Machine Learning Model Predicts Risk of Upgrade to Breast CA

Scientists discover a new way of diagnosing breast cancer — using artificial intelligence

Scientists discover a new way of diagnosing breast cancer — using artificial intelligence

Suspicions lesions that are discovered through a mammogram will subsequently be tested with a needle biopsy.

A new study reveals that a machine learning tool can help to identify which breast lesions, already classified as "high-risk", are likely to become cancerous.

"This work highlights an example of using cutting-edge machine learning technology to avoid unnecessary surgery", Dr. Marc Kohli, director of clinical informatics in the Department of Radiology and Biomedical Imaging at the University of California at San Francisco, said in a statement. "It may be reasonable for some patients to have their lesions followed with imaging rather than surgically excised".

Machine learning could drastically improve medical treatment for breast lesions.

Two authors disclosed having a patent in process with Massachusetts General Hospital and the Massachusetts Institute of Technology, and one author disclosed ties to GE Healthcare. "Most institutions recommend surgical excision for high-risk lesions such as atypical ductal hyperplasia, for which the risk of upgrade to cancer is about 20 percent".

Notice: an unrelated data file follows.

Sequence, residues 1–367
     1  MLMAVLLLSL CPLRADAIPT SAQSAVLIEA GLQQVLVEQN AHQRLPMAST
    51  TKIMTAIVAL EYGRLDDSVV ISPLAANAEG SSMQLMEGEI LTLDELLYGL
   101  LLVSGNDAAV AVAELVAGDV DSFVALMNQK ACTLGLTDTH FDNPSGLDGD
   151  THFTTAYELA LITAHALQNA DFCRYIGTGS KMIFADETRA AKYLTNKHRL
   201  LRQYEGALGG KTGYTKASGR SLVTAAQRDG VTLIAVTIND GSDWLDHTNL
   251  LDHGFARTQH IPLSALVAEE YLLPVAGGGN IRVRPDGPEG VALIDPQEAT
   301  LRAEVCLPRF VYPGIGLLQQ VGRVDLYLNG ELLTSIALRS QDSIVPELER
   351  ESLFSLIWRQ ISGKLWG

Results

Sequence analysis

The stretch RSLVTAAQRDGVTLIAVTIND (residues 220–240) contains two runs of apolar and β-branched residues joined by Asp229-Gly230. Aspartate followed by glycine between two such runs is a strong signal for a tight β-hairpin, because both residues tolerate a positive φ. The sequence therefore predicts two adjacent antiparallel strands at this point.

"For other types of high-risk lesions, the risk of upgrade varies quite a bit in the literature, and patient management, including the decision about whether to remove or survey the lesion, varies across practices", Ms. Bahl said.

High-risk breast lesions are biopsy-diagnosed ones that carry an increased risk of developing into cancer. Machine learning allows an artificial intelligence (AI) system to learn from its past experiences and improve its performance as a result, similar to the way in which humans learn.

The research team from MIT's Computer Science and Artificial Intelligence Laboratory (CSAIL), Massachusetts General Hospital and Harvard Medical School developed a machine learning model that was trained on 600 existing high risk lesions, incorporating variables as broad as family history, demographics and past biopsies. The model correctly predicted 37 of the 38 lesions that were upgraded to cancer, identifying the terms "severely" and "severely atypical" in the text of the pathology reports as associated with a greater risk of upgrade to cancer.

Researchers studied the use of a machine learning tool to identify high-risk lesions that are at low risk for upgrade to cancer. The team found that, had the model been used, it would have helped to prevent almost one-third of the surgeries conducted on benign lesions.

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